I posted this on the other thread you posted on - take a look at it, it may help you understand what feeding for calm behavior is actually doing for Russell. More later....
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  8. jackienmutts Honored Member

    Ok, back with some thoughts. First, as I said before, you've been given some good advice above. We've all made mistakes, I know I sure have - so altho it's so human to look backwards and dwell on things we did wrong, what's important now is to look forward and know you're doing all the right things for Russell.

    Good idea not going back to daycare. Not all dogs enjoy being in the company of lots of other dogs. It's often something we wish for them, kind of like kids on a playground all playing together. Often tho, it's not something they wish for themselves. If some dogs had their drothers, they might seek out one or two friends, but we (as humans) take them to daycares or dog parks and set them loose with a huge group of other dogs and say go on, go have fun! ... when in fact they may be thinking oh noooo, not this again! and prefer to be alone or with only one or two other dogs. The thing that's hard about daycares/dogparks is that there are so many different personalities/temperaments. There are soft dogs, forward dogs, passive dogs, playful dogs, dogs who only want to wander around and sniff and be alone, dogs who are rowdy with everyone they meet, etc ... and we hope they all get along. Sadly, often some come out worse for wear, cuz they just don't enjoy themselves. Ideally, daycares should have an attendant with the dogs at all times, but they often don't. They may not really know what Russell is like, or why the change. *sigh*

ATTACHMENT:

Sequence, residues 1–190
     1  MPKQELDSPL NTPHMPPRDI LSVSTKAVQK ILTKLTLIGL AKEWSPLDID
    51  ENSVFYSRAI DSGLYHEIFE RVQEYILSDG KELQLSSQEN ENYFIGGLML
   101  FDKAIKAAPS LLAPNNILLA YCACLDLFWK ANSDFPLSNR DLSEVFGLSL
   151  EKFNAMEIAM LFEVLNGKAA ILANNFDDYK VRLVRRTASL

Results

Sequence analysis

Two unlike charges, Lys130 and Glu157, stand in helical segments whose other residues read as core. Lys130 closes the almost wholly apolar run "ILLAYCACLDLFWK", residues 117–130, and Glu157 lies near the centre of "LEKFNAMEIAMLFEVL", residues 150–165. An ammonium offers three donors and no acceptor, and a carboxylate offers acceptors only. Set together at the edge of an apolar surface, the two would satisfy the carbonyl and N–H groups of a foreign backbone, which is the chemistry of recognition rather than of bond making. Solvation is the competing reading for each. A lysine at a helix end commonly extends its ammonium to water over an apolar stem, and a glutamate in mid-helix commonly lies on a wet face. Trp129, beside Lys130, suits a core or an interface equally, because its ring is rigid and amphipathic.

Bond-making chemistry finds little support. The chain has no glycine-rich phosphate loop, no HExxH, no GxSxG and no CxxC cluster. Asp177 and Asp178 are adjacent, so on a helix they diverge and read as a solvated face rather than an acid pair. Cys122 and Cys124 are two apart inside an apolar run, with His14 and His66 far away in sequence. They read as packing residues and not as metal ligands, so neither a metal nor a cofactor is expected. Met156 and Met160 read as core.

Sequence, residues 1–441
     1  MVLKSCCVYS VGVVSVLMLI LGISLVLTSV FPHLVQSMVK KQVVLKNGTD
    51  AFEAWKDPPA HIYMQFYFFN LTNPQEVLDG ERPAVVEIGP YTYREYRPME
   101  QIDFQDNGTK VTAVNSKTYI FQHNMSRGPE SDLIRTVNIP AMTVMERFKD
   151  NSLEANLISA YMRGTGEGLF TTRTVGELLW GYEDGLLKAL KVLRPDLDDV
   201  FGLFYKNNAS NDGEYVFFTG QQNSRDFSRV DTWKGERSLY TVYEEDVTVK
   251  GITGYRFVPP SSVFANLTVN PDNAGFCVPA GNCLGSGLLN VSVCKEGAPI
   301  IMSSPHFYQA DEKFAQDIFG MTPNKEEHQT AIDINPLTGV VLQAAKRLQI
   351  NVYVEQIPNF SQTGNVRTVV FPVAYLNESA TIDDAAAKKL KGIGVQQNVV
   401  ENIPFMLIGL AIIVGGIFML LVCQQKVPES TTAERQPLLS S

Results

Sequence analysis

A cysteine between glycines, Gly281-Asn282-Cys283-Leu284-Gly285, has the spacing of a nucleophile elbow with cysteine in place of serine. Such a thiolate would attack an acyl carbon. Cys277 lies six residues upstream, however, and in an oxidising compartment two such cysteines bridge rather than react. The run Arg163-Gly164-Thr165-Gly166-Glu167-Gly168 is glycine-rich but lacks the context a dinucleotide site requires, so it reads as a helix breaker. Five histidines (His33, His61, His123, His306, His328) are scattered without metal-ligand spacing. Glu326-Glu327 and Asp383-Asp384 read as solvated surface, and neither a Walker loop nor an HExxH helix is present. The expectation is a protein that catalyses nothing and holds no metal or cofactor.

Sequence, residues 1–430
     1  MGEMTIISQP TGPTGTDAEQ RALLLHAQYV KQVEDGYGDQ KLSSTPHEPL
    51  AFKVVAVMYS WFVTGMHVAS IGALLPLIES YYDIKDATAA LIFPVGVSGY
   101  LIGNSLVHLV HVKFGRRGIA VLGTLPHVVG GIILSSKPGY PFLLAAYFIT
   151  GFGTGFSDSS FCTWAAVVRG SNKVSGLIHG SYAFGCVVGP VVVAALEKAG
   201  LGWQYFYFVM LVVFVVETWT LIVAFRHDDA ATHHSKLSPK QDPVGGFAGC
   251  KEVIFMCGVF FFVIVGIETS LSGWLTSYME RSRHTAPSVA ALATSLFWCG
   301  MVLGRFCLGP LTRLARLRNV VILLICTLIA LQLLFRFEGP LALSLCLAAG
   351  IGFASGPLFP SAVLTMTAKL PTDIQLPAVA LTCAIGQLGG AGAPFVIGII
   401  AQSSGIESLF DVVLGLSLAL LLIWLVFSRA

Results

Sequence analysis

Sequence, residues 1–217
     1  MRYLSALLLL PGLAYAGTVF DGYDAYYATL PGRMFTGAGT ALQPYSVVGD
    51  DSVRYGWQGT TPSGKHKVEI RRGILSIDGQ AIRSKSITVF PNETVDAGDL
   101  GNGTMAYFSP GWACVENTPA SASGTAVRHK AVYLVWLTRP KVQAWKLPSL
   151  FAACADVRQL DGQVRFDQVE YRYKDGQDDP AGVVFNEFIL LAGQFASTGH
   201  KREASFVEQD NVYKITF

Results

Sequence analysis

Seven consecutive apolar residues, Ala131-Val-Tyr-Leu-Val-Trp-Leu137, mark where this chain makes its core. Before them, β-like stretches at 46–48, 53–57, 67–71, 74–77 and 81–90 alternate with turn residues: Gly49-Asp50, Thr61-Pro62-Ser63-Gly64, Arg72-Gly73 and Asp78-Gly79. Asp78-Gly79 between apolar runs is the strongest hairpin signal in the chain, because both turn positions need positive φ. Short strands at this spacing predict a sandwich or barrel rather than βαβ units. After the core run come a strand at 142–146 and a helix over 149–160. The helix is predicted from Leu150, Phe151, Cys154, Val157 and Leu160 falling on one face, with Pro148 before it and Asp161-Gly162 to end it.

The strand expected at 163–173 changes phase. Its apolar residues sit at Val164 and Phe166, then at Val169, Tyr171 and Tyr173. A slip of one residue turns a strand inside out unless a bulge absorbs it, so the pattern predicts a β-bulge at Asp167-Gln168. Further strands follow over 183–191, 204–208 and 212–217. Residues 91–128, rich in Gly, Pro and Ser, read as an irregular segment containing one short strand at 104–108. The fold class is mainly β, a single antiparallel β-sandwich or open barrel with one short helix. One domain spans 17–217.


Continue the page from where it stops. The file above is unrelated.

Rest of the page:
Do as much work as you can with Russell below threshhold around other dogs, just being calm. Do get a bait bag, and keep it full. Make the treats really high value. You can use all kinds of things - chicken, hot dogs, beef, liver, cheese, it's endless. Working around other dogs is very very hard work tho - so make sure those treats are very high value. You want his reward to trump that dog he's going to be looking at. Don't worry for a minute that if he sees the bait bag, he'll only want to look at that ... and what, not be reactive? :LOL: Oh, if only it were that easy! You do want him to focus on you vs. barking/lunging/trying to eat that dog 'over there' - and if wearing a bait bag solves that problem, then so be it! :ROFLMAO: As for clicking/treating or only treating ... the only 'right' answer: it depends. Sometimes you'll have a set-up, structured session, and be able to click/treat, click/treat, click/treat. Other times, you're going to be in a situation, maybe walking, and see a dog, and have no time to worry about clicking ... you're just gonna grab a handful of treats and just start feeding and feedfeedfeedfeedfeedfeedfeed..... until that 'scary' dog is past and you can both relax. One thing to always try to do (as hard as it may be sometimes) is to keep that leash loose when you see another dog approaching (when it's on leash with it's owner). When you tighten up that leash, Russell gets the message "oh, mom is getting nervous, I should be nervous too" . When you at least give the impression you're relaxed, you help to keep Russell relaxed too. Using the clicker to treat for calm in no way "de-charges" it's power for trick training. The clicker becomes a powerful, yet calming tool when working with a reactive dog. Use it as much as you want to.